Despite being one of the most impactful trends in the crypto and blockchain ecosystem, there is still much confusion about what decentralised finance (DeFi) is—so much so that Google searches for its definition surged 273% in 2019.

To help demystify DeFi, we’ve created this quick guide breaking down what it is, its implications, and how it can redefine the finance industry.

Defining DeFi

As implied by its name, decentralised finance (also referred to as open finance or distributed finance) refers to a revolutionary system that is being built on public blockchains. As reiterated in a previous post, cryptocurrency makes transacting more accessible, and DeFi adopts the same principle, except it takes things up a notch. DeFi’s eventual goal is to make every financial service—savings, loans, trading, insurance, and more—globally accessible, allowing anyone with a smartphone and an internet connection to transact with absolute ease.

As highlighted by Coin Telegraph, an estimated 1.7 billion people in the world lack access to financial services. While there are ongoing advancements in the infrastructure to generate wealth, there is very little progress when it comes to accommodating this disadvantaged population. With DeFi in place, everyone can access financial services and the products they need without intervention from intermediaries such as banks. Everything will be permissionless, transparent, and censorship-resistant.

The Implications of DeFi

The concept of DeFi is still nascent, but it’s already showing great promise, especially with its impact on Ethereum. For starters, DeFi is expected to mitigate Ethereum’s issues of scalability, a problem that has long plagued the blockchain. It reduces the risk of contentious forks that could throw off the whole system. More and more DeFi apps are already being built on Ethereum. If a part of the Ethereum threatens to fork, it must take all the popular apps on board, which requires painstaking efforts.

Speaking of DeFi apps or decentralised apps (DApps), a ton of them are already flourishing on Ethereum. Some DApps allow you to create stablecoins, take out a loan, lend money, earn interest on your crypto, and so much more. These DApps essentially perform the same functions that their traditional-financial-system counterparts do, but they are not managed by an institution, nor do they create issues with privacy because they’re available for anyone to audit. What’s more, they’re designed to serve a global audience, offer a flexible user experience, and boast interoperability, making it possible to integrate with other systems to create an entirely new product.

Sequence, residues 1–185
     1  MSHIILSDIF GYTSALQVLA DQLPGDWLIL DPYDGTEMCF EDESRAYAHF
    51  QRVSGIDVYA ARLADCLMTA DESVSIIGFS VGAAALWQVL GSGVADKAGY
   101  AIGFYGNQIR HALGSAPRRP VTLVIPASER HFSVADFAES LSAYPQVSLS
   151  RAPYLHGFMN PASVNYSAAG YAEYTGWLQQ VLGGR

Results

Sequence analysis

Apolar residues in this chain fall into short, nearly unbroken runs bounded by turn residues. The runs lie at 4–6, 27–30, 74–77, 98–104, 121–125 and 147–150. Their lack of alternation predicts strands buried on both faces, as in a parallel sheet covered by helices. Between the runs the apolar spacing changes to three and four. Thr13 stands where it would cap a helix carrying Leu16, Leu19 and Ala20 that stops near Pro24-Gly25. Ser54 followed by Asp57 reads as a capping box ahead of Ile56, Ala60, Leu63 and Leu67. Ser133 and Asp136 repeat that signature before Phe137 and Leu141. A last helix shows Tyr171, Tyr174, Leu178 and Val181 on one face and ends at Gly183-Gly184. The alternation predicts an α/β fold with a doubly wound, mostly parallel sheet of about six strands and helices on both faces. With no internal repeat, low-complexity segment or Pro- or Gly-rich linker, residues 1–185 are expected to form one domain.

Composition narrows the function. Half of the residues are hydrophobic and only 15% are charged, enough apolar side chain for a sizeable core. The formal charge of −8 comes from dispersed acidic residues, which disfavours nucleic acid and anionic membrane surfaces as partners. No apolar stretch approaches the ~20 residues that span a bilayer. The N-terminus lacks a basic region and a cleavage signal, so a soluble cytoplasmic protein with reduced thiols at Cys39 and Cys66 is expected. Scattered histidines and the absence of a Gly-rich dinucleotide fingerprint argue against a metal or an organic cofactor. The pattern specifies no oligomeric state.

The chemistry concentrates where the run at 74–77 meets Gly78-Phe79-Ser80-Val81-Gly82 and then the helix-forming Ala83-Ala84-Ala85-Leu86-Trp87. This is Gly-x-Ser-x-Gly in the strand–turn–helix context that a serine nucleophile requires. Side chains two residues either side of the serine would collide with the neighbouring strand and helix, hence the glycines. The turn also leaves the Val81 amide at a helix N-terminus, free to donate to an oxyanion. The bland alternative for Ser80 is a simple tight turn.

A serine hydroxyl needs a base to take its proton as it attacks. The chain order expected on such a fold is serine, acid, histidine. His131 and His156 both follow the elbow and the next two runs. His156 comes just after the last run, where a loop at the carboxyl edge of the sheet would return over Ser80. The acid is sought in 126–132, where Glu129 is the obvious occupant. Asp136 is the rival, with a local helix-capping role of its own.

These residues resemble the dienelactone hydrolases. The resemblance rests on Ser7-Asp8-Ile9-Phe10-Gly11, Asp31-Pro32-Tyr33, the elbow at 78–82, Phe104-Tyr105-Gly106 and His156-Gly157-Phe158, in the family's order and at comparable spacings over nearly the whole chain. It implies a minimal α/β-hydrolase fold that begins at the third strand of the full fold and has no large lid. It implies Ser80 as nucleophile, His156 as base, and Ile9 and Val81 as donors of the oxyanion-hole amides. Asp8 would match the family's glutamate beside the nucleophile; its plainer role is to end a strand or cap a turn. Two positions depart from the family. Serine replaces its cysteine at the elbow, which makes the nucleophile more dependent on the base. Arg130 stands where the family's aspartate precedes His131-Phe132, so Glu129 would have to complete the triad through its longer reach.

The Latest on DeFi

Many developments are happening in the world of DeFi, the latest of which is Compound’s replacement of admin rights in its smart contracts with community governance. As the second most prominent DeFi lending protocol in the ecosystem, this move allowed the company to go all-in on decentralisation.

Before this change, the Compound’s leadership could still manipulate the lending of the DApp funds. With the recently announced switch, control is passed to decentralised community governance, meaning all changes introduced moving forward will be decided not by the builders but by the users.

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Author: Jennifer Birch